Interventions to reduce consumption of sugar-sweetened beverages or increase water intake: evidence from a systematic review and meta-analysis

Article English OPEN
Vargas-Garcia, EJ; Evans, CEL; Prestwich, A; Sykes-Muskett, B; Hooson, J; Cade, JE;
  • Publisher: Wiley

A systematic review and meta-analyses were conducted to evaluate the effects of interventions to reduce sugar-sweetened beverages (SSB) or increase water intakes and to examine the impact of behaviour change techniques (BCTs) in consumption patterns. Randomized and nonr... View more
  • References (95)
    95 references, page 1 of 10

    1. The Scientific Advisory Committee on Nutrition. Carbohydrates and health. online. London: 2015.

    2. Te Morenga L, Mallard S, Mann J. Dietary sugars and body weight: systematic review and meta-analyses of randomised controlled trials and cohort studies. BMJ. 2013; 346 e7492.

    3. Malik VS, Popkin BM, Bray GA, Després J-P, Hu FB. Sugarsweetened beverages, obesity, type 2 diabetes mellitus, and cardiovascular disease risk. Circulation. 2010; 121(11): 1356-1364.

    4. Maersk M, Belza A, Stodkilde-Jorgensen H et al. Sucrosesweetened beverages increase fat storage in the liver, muscle, and visceral fat depot: a 6-mo randomized intervention study. Am J Clin Nutr. 2012; 95(2): 283-289.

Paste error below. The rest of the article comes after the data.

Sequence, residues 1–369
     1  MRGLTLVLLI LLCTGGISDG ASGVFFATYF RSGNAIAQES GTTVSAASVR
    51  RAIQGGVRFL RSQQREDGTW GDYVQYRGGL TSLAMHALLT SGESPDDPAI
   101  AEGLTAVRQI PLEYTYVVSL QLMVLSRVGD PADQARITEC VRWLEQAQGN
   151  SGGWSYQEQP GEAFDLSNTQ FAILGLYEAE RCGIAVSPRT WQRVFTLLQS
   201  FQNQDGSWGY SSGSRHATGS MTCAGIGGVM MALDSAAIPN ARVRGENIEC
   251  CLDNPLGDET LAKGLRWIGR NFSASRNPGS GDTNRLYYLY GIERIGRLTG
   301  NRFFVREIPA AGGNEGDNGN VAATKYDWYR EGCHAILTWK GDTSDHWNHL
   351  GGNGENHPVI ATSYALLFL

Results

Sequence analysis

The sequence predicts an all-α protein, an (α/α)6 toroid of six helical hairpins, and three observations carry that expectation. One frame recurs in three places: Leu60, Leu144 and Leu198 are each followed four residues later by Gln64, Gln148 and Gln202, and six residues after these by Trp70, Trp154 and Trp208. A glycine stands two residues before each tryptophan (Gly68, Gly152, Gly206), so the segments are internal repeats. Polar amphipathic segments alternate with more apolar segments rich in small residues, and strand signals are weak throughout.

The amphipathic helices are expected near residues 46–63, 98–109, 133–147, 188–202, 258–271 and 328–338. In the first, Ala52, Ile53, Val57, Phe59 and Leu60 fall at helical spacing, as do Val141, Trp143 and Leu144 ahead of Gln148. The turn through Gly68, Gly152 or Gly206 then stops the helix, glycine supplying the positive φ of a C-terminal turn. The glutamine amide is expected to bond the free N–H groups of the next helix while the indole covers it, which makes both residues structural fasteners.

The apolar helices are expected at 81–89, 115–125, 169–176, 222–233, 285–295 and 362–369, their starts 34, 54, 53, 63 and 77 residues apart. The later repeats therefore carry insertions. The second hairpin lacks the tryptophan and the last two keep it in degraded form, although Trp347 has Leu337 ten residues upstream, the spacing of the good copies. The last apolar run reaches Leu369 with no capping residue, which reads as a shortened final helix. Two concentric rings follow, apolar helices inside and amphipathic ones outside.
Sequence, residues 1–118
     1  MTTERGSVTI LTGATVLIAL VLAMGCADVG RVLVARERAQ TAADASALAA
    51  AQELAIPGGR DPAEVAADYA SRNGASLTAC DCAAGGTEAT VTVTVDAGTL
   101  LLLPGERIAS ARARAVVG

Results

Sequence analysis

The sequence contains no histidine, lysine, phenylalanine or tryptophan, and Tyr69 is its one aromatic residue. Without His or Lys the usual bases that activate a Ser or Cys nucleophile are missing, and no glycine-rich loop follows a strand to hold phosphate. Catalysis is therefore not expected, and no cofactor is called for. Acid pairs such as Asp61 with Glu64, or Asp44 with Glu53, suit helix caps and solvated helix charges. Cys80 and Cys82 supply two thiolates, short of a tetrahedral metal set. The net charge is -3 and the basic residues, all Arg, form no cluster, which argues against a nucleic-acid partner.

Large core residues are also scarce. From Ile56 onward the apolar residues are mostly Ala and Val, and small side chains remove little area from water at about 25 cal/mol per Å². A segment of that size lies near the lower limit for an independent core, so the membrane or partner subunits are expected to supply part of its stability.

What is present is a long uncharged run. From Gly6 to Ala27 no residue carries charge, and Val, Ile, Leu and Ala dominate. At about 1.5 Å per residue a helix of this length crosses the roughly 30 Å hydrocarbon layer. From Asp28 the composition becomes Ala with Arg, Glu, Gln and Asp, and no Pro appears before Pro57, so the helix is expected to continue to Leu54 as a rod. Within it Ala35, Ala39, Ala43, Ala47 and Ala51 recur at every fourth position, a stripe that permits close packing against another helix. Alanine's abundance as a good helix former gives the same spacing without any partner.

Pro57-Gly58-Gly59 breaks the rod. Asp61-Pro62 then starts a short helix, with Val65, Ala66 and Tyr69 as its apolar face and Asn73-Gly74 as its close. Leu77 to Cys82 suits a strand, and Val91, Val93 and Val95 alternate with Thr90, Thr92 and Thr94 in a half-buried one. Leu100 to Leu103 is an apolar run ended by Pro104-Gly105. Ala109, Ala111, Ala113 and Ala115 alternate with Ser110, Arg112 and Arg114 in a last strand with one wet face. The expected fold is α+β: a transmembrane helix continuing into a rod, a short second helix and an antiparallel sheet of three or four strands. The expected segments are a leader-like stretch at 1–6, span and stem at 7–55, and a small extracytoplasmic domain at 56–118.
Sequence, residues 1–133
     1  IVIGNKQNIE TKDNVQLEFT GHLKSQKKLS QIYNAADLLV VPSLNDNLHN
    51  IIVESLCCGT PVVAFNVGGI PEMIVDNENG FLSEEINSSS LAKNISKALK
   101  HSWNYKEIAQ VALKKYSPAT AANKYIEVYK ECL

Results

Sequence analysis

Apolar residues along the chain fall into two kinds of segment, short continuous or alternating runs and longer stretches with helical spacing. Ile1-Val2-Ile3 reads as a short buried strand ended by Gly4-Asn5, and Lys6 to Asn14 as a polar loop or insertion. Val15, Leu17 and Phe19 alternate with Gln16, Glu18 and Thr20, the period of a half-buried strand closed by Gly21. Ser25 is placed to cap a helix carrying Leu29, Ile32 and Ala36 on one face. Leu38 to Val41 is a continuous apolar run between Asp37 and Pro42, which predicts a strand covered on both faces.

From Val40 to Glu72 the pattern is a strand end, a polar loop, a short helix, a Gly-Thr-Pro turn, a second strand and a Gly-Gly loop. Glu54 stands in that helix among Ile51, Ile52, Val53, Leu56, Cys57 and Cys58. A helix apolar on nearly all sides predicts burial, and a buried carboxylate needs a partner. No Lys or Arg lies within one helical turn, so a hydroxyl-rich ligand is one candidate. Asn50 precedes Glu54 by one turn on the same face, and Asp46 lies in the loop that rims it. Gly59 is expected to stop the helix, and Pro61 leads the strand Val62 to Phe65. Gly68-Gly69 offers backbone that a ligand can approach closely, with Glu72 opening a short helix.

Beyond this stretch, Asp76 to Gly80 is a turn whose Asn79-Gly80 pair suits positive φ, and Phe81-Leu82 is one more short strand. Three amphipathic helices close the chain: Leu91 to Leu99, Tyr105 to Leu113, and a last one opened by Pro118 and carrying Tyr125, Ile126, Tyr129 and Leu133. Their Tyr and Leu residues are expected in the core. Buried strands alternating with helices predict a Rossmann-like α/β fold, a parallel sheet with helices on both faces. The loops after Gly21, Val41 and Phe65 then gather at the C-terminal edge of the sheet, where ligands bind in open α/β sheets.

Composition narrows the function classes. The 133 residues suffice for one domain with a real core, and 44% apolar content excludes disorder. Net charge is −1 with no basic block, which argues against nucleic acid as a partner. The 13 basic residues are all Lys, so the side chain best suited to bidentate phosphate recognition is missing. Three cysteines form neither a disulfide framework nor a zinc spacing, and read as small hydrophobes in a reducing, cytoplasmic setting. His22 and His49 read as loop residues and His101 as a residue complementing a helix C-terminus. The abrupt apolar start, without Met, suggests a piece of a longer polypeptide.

5. Malik VS, Pan A, Willett WC, Hu FB. Sugar-sweetened beverages and weight gain in children and adults: a systematic review and meta-analysis. Am J Clin Nutr. 2013; 98(4): 1084-1102.

    6. Imamura F, O'Connor L, Ye Z et al. Consumption of sugar sweetened beverages, artificially sweetened beverages, and fruit juice and incidence of type 2 diabetes: systematic review, meta-analysis, and estimation of population attributable fraction. BMJ. 2015; 351: h3576.

    7. Malik VS, Popkin BM, Bray GA, Despres JP, Willett WC, Hu FB. Sugar-sweetened beverages and risk of metabolic syndrome and type 2 diabetes: a meta-analysis. Diabetes Care. 2010; 33(11): 2477-2483.

    8. Schulze MB, Manson JE, Ludwig DS et al. Sugar-sweetened beverages, weight gain, and incidence of type 2 diabetes in young and middle-aged women. JAMA. 2004; 292(8): 927-934.

    9. Greenwood DC, Threapleton DE, Evans CE et al. Association between sugar-sweetened and artificially sweetened soft drinks and type 2 diabetes: systematic review and dose-response metaanalysis of prospective studies. Br J Nutr. 2014: 1-10.

    10. WHO. Guideline: Sugar intake for adults and children. Geneva: 2015.

  • Related Research Results (1)
  • Related Organizations (4)
  • Metrics
Share - Bookmark